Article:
They’re not getting an at-large bid to the NCAA tournament regardless of how they finish out league play. With back-up center Ben Carter out with a torn ACL, it’s more important to make sure that Zimmerman, who is averaging 10.6 points and 9.1 boards this season, is totally healthy for the Mountain West tournament.

That tournament, mind you, will be played at UNLV’s Thomas & Mack Center.

So the Runnin’ Rebels, regardless of how poor they’ve played this season, will always have a chance to land an automatic bid.

Anyway, the more interesting aspect of this story is how Zimmerman injured the knee. It was a completely avoidable play that came after the whistle, but I’m not sure it was what you would call a “dirty play”. You tell me:

VIDEO: Buddy Hield is ‘all money’ on game-winning three vs. No. 24 Texas

Oklahoma guard Buddy Hield (24) takes a shot over Oklahoma State forward Chris Oliver during the second half of an NCAA college basketball game in Stillwater, Okla., Wednesday, Jan. 13, 2016. (AP Photo/Brody Schmidt)
(AP Photo/Brody Schmidt)
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With a little more than three minutes left on Monday night, No. 24 Texas held a 57-51 lead on No. 3 Oklahoma in Norman as Jordan Woodard struggled again and Buddy Hield failed to find the rhythm that he had throughout the first three months of the season.

At that point in the game, Hield was 4-for-14 from the floor with 15 points and four turnovers. He had just missed a pair of wide-open threes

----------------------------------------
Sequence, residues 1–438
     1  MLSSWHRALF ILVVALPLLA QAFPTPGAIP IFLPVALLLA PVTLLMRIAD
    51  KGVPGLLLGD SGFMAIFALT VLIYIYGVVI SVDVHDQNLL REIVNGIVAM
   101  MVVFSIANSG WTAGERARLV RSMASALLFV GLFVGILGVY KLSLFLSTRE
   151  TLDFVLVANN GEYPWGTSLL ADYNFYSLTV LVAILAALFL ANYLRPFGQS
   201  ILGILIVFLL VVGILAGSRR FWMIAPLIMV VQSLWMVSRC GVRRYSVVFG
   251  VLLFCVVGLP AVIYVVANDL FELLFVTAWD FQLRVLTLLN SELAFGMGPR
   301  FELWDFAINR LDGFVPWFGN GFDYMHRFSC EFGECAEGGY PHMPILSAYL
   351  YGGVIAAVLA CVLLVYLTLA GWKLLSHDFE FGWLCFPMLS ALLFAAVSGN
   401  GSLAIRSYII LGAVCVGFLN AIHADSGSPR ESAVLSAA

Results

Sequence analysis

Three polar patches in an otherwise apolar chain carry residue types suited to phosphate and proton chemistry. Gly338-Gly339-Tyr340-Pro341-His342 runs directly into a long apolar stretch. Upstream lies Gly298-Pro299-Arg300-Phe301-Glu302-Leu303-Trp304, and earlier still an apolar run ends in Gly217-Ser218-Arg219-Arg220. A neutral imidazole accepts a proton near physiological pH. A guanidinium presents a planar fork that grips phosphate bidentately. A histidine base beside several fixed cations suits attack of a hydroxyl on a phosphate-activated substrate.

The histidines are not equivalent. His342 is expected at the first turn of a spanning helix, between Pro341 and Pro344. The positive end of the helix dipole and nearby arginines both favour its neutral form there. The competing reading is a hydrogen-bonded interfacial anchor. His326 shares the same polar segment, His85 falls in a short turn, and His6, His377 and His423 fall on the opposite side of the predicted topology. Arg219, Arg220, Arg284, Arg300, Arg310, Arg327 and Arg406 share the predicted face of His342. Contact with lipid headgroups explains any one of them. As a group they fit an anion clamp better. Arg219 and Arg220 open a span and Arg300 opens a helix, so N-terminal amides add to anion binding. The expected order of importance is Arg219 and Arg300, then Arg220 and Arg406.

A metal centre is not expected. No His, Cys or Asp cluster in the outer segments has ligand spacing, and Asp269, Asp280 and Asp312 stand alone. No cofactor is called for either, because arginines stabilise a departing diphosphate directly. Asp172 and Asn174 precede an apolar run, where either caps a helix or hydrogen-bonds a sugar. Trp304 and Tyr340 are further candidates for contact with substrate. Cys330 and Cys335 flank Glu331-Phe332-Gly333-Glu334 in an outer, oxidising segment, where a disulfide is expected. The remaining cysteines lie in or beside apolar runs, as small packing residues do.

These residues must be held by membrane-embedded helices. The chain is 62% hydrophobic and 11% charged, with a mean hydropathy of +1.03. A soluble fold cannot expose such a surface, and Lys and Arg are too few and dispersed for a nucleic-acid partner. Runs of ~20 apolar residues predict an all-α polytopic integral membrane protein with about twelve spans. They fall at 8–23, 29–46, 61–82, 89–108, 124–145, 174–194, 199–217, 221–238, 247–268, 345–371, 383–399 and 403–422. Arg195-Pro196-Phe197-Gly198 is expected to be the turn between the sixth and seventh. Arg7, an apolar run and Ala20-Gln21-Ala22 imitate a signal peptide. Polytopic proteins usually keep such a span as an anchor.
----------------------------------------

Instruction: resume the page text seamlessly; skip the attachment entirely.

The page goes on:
“I couldn’t make a shot,” Hield said after the game. But that changed down the stretch. First, Hield finally got a three to drop. On the next possession, he got all the way to the rim and scored. On the following two possessions, he was fouled on a drive to the rim and hit four free throws. And after missing a pull-up jumper, Hield did this:

“I told coach I wanted the ball,” Hield said, “I saw Lammert coming to bite, so I pulled up.”

“It’s all money.”

Hield is already the favorite to win National Player of the Year, and this performance is only going to help his cause further. Think about it like this: Buddy was not good on Monday night, at least according to his (admittedly lofty) standards. But he still finished with 27 points and shook off a cold shooting night just in time to take over down the stretch.

Now think about this: Hield’s head coach has enough confidence in him to hand him the keys in the final minutes despite the fact that he’s struggling and on a team that has two other players that Lon Kruger trusts on game-winning possessions. Think about it. When Oklahoma beat West Virginia at the buzzer, it was Jordan Woodard that the play was drawn up for. When they beat LSU, it was Isaiah Cousins that got the rock on the final possession while Hield was used as a decoy. .

Want to talk about coaching luxuries?

Kruger has three guards that can shoot, penetrate and score, and penetrate and kick, and one of them is the National Player of the Year that doesn’t mind being used as a decoy.